In the June issue of
Colorado Central Magazine

The Bearded Lady food bus is open for business in the courtyard at Watershed BV, a hub for community events and business incubation in downtown Buena Vista, Colorado. Photo by Tyler Grimes

Watershed BV: A Small-Town Hub

In 1937, the U.S. Forest Service built a ranger station on Main Street in downtown Buena Vista. It remains the only historical downtown ranger station in Colorado. It served its purpose for the Forest Service until the 1970s when it became a Chaffee County health clinic. For the past 20 years the building has sat empty and unused despite the location next to the old State Highway building (currently the Trailhead) and near the intersection of Main Street and Colorado Avenue.

“It was like ‘70s wood paneling, pink carpet,” said Rick Bieterman, as we sat in what used to be the garage of the old ranger station. “And so we came in and ripped all that stuff out and found this brick under all that paneling. And these floors are the original plywood floors that we just sanded down, took the carpet off and just went with it.” Read more

 

The Gas Creek Wars

With Mount Princeton and Mount Antero providing a serene backdrop, Gas Creek and Chalk Creek thread a valley lying north of Centerville, where U.S. Hwy. 285 drops down, passing under a water diversion pipe. This valley extends north to Cache Creek, which flows beneath the highway south of Nathrop. Here began local discord that, encompassing the nearby area, became known as the Lake County War.

When the following events took place, Gas Creek was part of Lake County, extending from the Continental Divide on the north and west, the Mosquito Range on the east, and Poncha Pass on the south. Leadville’s silver mines were not yet booming. But soon after the Pikes Peak gold rush and the Civil War, ranchers and farmers had started to take up land at Gas Creek, and irrigation ditches were being dug, some with affirmed legal rights and some without. Although a few of these early settlers had arrived as prospectors, they now were settling down with plows and cattle, returning to activities they had known “back home” in the Midwest and East. Read more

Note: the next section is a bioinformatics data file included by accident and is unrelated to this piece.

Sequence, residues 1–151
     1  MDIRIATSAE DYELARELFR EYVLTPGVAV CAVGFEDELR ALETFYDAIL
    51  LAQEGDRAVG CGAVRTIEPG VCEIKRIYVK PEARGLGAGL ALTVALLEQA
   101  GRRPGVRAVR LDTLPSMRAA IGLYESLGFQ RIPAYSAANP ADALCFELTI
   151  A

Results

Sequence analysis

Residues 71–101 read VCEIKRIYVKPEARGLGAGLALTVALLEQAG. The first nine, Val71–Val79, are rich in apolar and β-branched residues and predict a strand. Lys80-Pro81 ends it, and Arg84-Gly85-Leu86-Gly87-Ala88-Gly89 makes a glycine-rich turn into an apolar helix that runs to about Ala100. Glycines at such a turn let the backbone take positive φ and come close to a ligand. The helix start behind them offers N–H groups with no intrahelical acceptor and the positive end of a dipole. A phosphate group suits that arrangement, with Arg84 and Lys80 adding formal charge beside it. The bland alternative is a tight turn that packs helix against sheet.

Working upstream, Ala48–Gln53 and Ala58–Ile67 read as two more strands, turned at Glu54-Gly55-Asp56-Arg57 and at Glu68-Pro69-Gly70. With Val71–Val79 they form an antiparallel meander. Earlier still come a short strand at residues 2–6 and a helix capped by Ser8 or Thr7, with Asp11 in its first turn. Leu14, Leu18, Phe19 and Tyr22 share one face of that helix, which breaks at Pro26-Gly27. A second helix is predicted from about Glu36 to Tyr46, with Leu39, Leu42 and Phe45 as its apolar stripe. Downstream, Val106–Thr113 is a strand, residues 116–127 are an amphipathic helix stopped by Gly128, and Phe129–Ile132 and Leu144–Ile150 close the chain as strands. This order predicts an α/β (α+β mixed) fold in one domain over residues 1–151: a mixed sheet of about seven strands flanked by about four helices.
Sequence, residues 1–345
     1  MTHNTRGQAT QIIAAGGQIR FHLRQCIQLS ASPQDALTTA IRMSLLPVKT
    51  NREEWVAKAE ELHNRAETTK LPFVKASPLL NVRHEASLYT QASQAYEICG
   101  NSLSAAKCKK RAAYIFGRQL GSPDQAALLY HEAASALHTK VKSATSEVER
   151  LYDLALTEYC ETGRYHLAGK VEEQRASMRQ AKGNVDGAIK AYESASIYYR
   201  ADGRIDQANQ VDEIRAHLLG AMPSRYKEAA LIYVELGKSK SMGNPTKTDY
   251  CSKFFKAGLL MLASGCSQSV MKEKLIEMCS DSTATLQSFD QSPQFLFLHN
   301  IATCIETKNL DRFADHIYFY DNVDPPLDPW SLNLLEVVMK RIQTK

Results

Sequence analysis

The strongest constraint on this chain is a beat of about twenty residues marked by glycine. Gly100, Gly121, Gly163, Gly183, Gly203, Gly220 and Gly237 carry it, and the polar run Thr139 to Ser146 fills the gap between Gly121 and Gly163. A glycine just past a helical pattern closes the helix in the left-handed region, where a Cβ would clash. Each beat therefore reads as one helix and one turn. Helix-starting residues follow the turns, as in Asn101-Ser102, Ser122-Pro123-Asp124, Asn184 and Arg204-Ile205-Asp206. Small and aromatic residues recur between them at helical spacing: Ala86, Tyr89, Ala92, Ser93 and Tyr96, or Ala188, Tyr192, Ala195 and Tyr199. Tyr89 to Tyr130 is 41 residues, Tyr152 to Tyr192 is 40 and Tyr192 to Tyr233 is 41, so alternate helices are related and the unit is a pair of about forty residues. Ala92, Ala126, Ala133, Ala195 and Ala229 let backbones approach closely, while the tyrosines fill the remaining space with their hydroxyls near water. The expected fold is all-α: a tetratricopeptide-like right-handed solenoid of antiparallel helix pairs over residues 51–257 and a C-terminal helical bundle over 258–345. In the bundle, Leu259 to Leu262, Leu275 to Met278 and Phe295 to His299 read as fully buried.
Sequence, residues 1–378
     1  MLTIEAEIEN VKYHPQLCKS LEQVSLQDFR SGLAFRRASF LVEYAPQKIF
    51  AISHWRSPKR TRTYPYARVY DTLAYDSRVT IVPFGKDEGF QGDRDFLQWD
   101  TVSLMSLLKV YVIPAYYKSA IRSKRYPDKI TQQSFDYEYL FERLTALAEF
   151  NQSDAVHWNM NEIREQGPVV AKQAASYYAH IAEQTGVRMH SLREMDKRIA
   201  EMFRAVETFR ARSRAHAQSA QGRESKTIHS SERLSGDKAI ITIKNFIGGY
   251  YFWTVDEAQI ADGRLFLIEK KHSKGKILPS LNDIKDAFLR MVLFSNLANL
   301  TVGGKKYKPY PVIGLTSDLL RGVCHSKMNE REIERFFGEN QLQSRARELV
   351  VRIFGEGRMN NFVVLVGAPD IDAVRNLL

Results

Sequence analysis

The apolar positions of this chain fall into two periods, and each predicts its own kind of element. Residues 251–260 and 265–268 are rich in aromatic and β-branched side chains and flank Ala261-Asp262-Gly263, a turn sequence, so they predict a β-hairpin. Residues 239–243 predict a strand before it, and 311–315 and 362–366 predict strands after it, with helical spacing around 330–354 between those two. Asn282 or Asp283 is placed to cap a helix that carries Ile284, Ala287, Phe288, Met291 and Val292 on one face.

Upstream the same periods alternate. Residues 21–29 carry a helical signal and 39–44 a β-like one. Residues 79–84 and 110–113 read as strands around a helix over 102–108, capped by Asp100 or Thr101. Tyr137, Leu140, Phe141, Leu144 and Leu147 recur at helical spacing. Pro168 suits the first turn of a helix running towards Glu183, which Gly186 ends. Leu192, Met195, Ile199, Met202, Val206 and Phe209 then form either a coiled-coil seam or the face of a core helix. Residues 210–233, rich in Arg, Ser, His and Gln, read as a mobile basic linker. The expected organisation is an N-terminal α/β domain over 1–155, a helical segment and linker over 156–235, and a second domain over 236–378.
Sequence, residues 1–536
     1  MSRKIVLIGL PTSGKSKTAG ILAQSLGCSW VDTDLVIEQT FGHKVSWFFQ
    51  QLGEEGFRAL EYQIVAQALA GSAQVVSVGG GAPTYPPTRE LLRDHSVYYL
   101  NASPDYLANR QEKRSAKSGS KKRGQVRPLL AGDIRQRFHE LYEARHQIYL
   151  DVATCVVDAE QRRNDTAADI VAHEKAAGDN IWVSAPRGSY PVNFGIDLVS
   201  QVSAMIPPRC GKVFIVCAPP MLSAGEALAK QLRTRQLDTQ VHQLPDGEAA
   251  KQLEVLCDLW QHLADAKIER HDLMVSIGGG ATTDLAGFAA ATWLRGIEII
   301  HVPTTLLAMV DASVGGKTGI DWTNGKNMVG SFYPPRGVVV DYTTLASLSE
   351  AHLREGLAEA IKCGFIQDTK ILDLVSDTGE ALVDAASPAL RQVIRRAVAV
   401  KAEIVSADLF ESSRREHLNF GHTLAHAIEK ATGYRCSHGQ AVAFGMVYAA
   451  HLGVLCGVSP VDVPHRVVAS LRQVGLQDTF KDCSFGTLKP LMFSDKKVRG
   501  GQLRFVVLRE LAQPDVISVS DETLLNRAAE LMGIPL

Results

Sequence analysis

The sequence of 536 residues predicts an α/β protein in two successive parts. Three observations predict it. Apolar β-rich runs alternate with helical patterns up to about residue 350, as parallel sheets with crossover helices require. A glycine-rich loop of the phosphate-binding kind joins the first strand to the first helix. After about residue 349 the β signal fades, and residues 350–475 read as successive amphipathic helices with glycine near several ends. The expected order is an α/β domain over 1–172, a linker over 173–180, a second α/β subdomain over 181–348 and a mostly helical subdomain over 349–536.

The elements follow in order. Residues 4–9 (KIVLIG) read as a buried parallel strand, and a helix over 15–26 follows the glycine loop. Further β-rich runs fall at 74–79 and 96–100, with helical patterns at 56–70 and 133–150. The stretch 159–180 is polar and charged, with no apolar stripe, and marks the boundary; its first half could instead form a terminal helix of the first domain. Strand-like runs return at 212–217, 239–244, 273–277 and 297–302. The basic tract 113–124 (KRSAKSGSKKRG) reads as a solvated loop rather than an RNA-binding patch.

Scorpions

The dog stood still as a statue, nose to the floor. Maybe he was watching an insect. But usually he’d just check it out and move on or else snarf it down. This behavior was different. Curious, I walked over. Uh, oh – the boy had zeroed in on a scorpion. A first for us both. But over our 15 years in that house, we found a number of scorpions inside, especially in the winter. We eventually realized that most arrived on the firewood we stacked near the woodstove. When we moved the stack to the garage, the number of winter-visiting scorpions dropped.

Scorpions fall in the class Arachnida, making them distant cousins of spiders. Some people think that arachnids are insects – not so. Insects have six legs and three body segments (head, thorax, abdomen) while arachnids have eight legs and two body segments (cephalothorax – a combined head and thorax – and abdomen). Three species of scorpions call Colorado home; the most common one in central Colorado is the striped bark scorpion (Centruroides vittatus). In fact, the striped bark scorpion is the most common species in the U.S. Read more

 

The Weed of Wrath

Marijuana. Most folks are either decidedly for it or against it. Me? I’m mostly a weed spectator though I lean toward the libertarian viewpoint that a person has the right to do whatever to their own body so long as it doesn’t harm others.

Like it or not, marijuana is now legal for both medical and recreational purposes in Colorado and business is booming. You can tell this by the number of shops with mostly cutesy names like “Starbuds” and “Mile High Green Cross” along the highways. And also by the number of greenhouse grow operations springing up across the countryside, particularly in nearby Pueblo County. Whether all this will withstand possible federal legal challenges remains to be seen, but for now a person can buy weed in several Colorado counties and municipalities, and some insiders say the biotech boom in northern Colorado is based on the prospect of future pharmaceutical takeover of the cannabis industry. Read more